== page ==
Agency says companies falsely promoted shampoos, lotions, sunscreens containing synthetic ingredients
The Federal Trade Commission sounded a warning to consumer products companies that claim their goods are completely natural, after bringing charges Tuesday against five sellers of skin-care and hair-care products.
The agency, which enforces federal truth-in-advertising laws, said the five companies falsely promoted their shampoos, skin lotions or sunscreens as being “all natural” or “100% natural,” when the products contained some synthetic ingredients.
“Companies should take a lesson from these cases,” Jessica Rich, director of the FTC’s bureau of consumer protection said in a statement. She said products that claim to be all natural should have “no artificial ingredients or chemicals.”
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The actions mark the first time the FTC has targeted the natural claims made by personal-care products, an industry that has proliferated in recent years. There are no guidelines or legal definitions of what constitutes “natural,” and many companies have taken to calling their products natural if some of their ingredients are derived from plant-based materials.
U.S. sales of so-called natural personal care products were roughly $5 billion in 2015 and are forecast to increase at a 6% annual rate through 2019, according to estimates from consulting firm Kline & Co. Many products that make natural claims charge a premium relative to their mainstream peers.
Four of the companies in the FTC’s complaints agreed to settle the charges and change their labels and advertising, or drop their all-natural claims on products including Rocky Mountain sunscreen, ShiKai shower gel, Eden BodyWorks shampoo and Beyond Coastal sunscreen. Some of the products contain ingredients such as dimethicone, a lubricating agent, and phenoxyethanol, a preservative that is also commonly found in cleaning products.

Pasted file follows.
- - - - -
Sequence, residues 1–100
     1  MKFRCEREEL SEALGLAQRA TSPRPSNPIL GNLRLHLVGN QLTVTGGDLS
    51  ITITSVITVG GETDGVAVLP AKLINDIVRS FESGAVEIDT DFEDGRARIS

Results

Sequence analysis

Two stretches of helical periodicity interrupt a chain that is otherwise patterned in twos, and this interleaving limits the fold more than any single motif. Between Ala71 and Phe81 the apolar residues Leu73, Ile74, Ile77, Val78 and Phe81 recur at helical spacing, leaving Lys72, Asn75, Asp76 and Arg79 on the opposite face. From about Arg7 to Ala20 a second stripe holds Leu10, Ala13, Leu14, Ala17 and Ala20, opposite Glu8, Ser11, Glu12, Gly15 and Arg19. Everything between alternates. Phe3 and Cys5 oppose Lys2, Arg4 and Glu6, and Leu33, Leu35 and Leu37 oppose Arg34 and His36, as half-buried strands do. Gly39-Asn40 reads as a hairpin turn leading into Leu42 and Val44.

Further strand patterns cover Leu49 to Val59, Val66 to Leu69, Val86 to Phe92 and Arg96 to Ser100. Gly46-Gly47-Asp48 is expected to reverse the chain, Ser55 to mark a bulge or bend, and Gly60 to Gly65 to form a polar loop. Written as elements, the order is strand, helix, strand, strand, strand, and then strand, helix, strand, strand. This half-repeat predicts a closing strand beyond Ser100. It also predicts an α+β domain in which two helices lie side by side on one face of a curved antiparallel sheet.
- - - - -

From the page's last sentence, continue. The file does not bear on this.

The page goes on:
The commission is moving forward with a lawsuit against a fifth firm, California Naturel Inc. The Sausalito, Calif., company sells sunscreen labeled as “all natural” that the FTC said contains dimethicone. A 2.3 ounce tube of the sunscreen retails for $35 on the brand’s website, which says the product was formulated with “Glacial Oceanic Materials” and contains antioxidants from botanical sources.
A note on the company’s website says the FTC required the company to add information noting that “Dimethicone, a synthetic ingredient, is 8% of the sunscreen formula, the remaining 92% are natural products.” The company didn’t immediately respond to a request for comment.
The FTC said companies must be able to back up their product claims with scientific evidence and can’t violate the law by making deceptive claims. The companies that settled the charges are Trans-India Products Inc. of Santa Rosa, Calif.; Erickson Marketing Group Inc. in Arvada, Colo.; ABS Consumer Products LLC in Memphis, Tenn.; and Beyond Coastal in Salt Lake City.
Sean Zimmerman, general manager of Erickson Marketing Group, the company that sells Rocky Mountain sunscreen, said the brand changed labels on its “face stick” sunscreens shortly after being contacted by the FTC about its all-natural claims six months ago.
“It was our misunderstanding,” he said, adding the company had mistakenly believed it could make the claim if only the active ingredients in its product were natural.
Mr. Zimmerman said the FTC informed his company that the claim also covered a product’s inactive ingredients, which included dimethicone in its case. “We weren’t trying to mislead anybody, so we immediately made the change,” Mr. Zimmerman said.
Trans-India, ABS and Beyond Coastal didn’t respond to requests for comment.